Taking a deep breath, I grabbed two butterscotch candies out of the tray. I handed him one and then unwrapped the other. We sat for few seconds sucking the candy, letting the soothing sweetness fill our mouths. Then I signed the consent.
The procedure cost 200 dollars. My boyfriend paid half. It was a sum that was not meaningless to us, but easy to obtain. My only financial sacrifice was that I couldn’t buy a vintage crystal necklace I had been coveting.
On the morning of the procedure, I cried some more. My crying confused me. I was certain about my decision. I didn’t believe that life began at conception. But that day, my chest was heavy, and my heart felt as if it were cracking into pieces.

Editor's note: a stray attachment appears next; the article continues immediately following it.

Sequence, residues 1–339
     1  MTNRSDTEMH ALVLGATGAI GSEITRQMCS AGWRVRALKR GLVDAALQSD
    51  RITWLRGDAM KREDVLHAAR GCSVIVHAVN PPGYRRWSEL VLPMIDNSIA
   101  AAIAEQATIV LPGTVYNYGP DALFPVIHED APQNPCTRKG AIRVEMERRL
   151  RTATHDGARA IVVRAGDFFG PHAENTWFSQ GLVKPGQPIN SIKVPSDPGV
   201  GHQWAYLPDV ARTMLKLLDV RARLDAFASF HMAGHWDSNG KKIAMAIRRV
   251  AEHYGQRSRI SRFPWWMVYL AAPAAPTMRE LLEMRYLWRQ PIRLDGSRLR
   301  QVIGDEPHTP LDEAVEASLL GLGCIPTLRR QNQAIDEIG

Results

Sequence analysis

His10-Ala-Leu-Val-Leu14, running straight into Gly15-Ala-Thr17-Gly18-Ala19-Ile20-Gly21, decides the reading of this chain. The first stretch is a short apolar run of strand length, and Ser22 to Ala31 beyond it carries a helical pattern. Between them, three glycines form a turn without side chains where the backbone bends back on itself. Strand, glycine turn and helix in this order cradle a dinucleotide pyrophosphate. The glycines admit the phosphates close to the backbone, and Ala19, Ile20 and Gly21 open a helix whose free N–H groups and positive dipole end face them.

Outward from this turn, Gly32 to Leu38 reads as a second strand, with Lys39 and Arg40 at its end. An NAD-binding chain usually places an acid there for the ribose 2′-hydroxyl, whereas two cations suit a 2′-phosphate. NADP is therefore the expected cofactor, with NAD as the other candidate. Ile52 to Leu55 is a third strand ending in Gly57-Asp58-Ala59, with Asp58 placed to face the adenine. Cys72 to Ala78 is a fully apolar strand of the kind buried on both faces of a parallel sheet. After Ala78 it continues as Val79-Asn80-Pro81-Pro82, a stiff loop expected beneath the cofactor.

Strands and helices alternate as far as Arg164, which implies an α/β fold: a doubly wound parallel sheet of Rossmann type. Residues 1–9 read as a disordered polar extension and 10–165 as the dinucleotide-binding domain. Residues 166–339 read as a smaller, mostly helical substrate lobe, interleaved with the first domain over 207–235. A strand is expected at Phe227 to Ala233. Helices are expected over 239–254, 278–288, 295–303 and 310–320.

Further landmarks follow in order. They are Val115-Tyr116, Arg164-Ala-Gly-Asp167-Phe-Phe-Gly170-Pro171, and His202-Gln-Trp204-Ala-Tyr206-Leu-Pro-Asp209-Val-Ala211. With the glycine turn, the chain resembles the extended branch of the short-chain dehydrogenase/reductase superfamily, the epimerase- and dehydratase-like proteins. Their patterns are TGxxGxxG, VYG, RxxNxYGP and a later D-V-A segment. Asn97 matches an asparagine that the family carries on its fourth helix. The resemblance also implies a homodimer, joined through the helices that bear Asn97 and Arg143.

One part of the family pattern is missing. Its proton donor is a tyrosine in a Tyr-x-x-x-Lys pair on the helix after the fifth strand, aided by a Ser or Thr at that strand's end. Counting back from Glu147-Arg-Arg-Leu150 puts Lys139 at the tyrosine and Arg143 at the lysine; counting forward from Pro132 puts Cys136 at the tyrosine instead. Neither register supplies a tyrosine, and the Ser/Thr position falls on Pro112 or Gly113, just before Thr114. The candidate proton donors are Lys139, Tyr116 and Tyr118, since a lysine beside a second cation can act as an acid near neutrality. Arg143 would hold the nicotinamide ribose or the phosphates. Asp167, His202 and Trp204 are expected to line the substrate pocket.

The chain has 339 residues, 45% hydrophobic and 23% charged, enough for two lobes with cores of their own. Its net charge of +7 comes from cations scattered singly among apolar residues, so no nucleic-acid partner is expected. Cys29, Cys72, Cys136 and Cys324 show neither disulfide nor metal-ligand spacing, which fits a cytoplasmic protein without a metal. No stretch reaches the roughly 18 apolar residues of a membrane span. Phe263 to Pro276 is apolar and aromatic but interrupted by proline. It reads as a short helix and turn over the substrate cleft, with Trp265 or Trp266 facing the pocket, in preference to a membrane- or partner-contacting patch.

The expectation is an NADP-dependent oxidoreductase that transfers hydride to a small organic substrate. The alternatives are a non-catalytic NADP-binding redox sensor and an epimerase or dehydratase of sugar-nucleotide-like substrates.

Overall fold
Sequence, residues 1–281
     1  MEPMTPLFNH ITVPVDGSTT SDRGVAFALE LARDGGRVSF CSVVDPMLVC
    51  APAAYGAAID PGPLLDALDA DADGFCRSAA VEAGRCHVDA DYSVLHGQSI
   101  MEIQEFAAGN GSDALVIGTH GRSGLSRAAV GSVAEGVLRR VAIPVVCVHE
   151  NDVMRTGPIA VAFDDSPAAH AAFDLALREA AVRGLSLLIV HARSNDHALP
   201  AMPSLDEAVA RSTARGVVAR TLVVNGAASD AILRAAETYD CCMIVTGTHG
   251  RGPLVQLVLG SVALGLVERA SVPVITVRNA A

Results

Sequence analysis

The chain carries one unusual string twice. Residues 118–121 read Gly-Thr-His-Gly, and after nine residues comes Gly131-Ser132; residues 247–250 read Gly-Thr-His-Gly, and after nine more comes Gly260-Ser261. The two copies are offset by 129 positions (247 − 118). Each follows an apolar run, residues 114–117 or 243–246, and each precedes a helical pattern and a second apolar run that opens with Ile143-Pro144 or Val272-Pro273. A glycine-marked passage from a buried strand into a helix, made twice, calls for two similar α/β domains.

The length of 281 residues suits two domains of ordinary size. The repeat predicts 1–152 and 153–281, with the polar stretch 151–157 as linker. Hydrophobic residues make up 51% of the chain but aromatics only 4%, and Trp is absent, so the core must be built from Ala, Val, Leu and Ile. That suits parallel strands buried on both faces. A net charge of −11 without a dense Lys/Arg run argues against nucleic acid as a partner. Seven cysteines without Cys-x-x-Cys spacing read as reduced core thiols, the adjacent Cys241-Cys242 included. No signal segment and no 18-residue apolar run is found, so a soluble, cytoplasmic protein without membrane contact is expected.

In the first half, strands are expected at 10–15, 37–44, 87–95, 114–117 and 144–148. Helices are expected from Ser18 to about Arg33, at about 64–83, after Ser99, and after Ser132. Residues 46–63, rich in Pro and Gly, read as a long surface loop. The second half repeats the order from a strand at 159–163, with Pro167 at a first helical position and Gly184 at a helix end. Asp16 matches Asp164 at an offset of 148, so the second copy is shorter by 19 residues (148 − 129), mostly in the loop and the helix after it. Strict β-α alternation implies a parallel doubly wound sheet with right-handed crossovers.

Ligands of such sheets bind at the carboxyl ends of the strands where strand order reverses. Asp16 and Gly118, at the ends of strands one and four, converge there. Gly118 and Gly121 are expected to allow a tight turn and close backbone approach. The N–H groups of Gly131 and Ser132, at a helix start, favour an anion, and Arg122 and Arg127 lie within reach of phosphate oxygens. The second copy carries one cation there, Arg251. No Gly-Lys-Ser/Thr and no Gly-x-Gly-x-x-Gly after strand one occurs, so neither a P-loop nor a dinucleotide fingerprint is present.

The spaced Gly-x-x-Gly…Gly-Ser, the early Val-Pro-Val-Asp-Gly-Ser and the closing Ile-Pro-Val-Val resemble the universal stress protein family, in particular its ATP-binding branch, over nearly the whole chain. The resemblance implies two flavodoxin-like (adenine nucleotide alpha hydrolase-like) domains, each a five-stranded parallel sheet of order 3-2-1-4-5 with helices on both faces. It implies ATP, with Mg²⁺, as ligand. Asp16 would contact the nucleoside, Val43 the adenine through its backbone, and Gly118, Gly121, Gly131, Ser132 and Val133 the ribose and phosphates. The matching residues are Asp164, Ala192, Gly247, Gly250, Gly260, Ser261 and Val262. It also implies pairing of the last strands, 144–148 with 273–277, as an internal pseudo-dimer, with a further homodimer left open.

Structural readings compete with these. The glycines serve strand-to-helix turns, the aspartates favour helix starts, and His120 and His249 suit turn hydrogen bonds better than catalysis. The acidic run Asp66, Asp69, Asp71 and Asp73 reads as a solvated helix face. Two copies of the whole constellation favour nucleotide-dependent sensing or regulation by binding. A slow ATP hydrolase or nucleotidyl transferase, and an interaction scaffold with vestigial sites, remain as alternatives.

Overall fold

I was just at six weeks, so I didn’t need anesthesia. I chose to be awake. Although I was still angry at myself for my recklessness, I didn’t make that choice to punish myself, but because I hated the side effects of anesthesia. And, perhaps just as important, it was less expensive to go without.
My procedure went off without a hitch. Lying on the table with my legs spread and my yellow socked feet in stirrups, I tried unsuccessfully to think of the ocean. A masked male doctor sat in front of me. Next to me, a nurse in pink scrubs. Her eyes were big and blue and her lashes layered with mascara. A little clumped in the corner of one eye; I wanted to tell her about it but didn’t.
The whole thing took 10 minutes. It hurt. I cramped. I gritted my teeth. I took deep breaths and squeezed the hand of the blue-eyed nurse so hard I thought I might break it. They used a vacuum aspiration. True to its name, it sounded like a vacuum. For me, the noise was the worst part.